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6 Lessons about Life That I Didn’t Learn in College

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6 Lessons about Life That I Didn’t Learn in College

There’s a lot of useful stuff you can learn in college if you’re the right kind of student, but it doesn’t teach you everything there is to know about life. There are all too many things that I didn’t learn in college, and you probably didn’t either. Here are 6 of the biggest shifts you’ll experience once you leave the college setting.

1. You don’t have a straight path.

Freshman year. Then Sophomore year. Then Junior year. Then Senior year. You do that on a semester-by-semester basis for four years, and then you’ve graduated from college. You probably didn’t learn in college how your path becomes a lot less clear after that. Even if you get a job right out of school (which isn’t easy nowadays) you’re still adjusting to that job, probably living in a new place and getting used to life without a GPA. It’s a whole new environment that you have to get acclimated to, and one that doesn’t come with any syllabi.

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2. You can’t meet people as easily.

Once you and your friends are out of college, expect people to start moving away. What you didn’t learn in college is that once you’ve graduated, you and your friends are no longer congregated in the circumference of a school campus. Most of your fellow employees at your job probably aren’t going to be in the same age group as you, either. Life, at least at first, is probably going to become a bit lonelier. Over time you’ll build back up a group of people you can depend on and socialize with, but you probably didn’t learn the feeling of isolation that’s awaiting you in life after college.

3. You have to attend everything.

You can miss a class or two or ten at school, as long as you make it to your exams and turn in your term papers on time. You didn’t learn in college that that particular luxury evaporates once you’ve graduated. Your employer is not going to be okay with you missing a day of work, or even with you being late more than once or twice. You were rewarded for your perfect attendance record in high school, and benefited from it in post-secondary education. After that, it’s absolutely mandatory.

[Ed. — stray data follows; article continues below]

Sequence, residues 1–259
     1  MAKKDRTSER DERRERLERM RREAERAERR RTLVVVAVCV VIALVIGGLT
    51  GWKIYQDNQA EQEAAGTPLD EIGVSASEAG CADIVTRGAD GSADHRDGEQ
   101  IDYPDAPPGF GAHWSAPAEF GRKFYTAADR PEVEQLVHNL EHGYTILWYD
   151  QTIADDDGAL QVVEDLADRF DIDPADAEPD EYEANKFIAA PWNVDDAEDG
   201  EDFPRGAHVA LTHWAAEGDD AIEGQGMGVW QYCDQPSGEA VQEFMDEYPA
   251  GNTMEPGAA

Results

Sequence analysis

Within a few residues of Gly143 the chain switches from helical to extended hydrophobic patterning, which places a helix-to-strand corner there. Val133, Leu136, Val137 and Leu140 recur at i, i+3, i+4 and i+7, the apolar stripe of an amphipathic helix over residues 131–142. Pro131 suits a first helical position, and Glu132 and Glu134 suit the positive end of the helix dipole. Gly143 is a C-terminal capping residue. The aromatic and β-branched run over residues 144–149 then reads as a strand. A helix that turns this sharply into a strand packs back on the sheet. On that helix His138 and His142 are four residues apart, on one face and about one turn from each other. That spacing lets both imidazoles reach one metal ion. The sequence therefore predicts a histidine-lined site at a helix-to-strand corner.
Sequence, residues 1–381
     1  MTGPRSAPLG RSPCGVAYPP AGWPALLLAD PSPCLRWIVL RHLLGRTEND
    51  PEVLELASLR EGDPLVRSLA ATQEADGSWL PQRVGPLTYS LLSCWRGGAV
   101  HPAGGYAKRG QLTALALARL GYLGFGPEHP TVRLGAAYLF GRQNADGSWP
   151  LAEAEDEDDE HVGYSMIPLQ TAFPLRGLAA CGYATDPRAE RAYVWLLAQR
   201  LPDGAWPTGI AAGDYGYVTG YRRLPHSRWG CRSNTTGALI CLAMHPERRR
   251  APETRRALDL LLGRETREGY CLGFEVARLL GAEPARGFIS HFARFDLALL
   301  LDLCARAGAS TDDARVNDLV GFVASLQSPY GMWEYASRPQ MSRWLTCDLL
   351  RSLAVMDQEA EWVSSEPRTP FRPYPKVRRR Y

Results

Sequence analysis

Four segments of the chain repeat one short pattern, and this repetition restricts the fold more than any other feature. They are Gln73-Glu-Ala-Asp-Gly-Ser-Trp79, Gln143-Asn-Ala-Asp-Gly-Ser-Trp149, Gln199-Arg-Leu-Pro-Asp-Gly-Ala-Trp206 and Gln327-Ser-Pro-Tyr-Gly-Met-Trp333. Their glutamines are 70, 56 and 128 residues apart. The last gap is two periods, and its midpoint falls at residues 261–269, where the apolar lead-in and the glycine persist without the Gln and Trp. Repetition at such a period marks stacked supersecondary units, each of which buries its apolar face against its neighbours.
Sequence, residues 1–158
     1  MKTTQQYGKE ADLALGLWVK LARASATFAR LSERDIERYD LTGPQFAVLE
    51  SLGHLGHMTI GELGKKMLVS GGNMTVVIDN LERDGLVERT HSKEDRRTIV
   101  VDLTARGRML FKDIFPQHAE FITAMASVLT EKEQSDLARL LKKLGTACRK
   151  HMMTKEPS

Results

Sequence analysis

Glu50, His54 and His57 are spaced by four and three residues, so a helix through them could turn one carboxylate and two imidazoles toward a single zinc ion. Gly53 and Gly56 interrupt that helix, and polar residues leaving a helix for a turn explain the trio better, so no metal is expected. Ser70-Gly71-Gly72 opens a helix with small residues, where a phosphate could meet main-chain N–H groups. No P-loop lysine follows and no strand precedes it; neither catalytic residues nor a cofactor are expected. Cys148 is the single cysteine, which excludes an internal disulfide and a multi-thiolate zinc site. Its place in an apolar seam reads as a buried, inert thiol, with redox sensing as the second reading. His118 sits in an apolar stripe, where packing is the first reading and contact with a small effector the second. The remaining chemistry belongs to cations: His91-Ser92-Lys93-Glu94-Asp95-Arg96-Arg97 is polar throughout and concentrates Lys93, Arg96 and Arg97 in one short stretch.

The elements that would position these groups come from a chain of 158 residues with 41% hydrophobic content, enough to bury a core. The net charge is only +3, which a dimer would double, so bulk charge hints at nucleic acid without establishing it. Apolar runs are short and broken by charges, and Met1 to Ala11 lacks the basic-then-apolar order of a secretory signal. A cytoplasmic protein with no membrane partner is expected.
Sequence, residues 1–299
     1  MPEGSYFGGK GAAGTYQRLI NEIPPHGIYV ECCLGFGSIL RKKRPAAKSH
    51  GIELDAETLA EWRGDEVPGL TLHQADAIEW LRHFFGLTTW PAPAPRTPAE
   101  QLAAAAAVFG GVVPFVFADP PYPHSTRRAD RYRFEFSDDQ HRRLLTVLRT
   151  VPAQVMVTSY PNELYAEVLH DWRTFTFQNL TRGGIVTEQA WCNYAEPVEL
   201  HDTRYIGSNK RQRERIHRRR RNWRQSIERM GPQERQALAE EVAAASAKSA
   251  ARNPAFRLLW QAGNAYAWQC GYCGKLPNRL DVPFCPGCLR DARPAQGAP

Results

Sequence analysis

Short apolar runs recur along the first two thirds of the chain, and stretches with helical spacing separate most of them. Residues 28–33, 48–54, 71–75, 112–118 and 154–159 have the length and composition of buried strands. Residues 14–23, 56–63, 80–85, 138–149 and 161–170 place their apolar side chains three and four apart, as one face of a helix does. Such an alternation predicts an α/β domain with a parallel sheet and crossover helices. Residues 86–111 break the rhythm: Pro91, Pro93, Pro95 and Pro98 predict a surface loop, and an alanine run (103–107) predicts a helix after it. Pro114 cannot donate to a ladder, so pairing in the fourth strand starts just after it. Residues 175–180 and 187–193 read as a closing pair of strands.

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4. You can’t have any incomplete assignments.

Professors are sometimes willing to give you incompletes instead of Fs. You didn’t learn in college that you can’t expect that kind of lenience in the workplace. If an assignment at your job is due on Friday, you damn well have that project finished and polished by 5 p.m. on Friday. Earlier, if you know what’s best for you.

5. You won’t get new bosses every semester.

At least I hope not. Professors come and go. Even though people don’t stay at job positions as long as they used to, you’re going to typically have the same employer for more than a semester. That means you can’t risk getting on the wrong side of your bosses. Whereas spirited differences with professors are largely encouraged, conflict with your employer is almost always looked down upon. Make a good impression and stay in their good graces for as long as you stay at their place of work.

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6. Success is defined by something other than a letter grade.

College, though complex, is in so many ways a simple thing. You get out into the real world for the first time. You make friends. You experience life to its fullest. All the while you find yourself getting a score from your professors at how you’re faring in school. You probably didn’t learn in college how to get a clear idea of how you’re doing. Even if you’re getting progress reports at work, you will probably never have as definitive an idea of what your boss thinks of you as you did in college.

Featured photo credit: Ralph Daily via flickr.com

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More by this author

Matt OKeefe

Matt is a marketer and writer who shares about lifestyle and productivity tips on Lifehack.

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Last Updated on January 13, 2022

How to Use Travel Time Effectively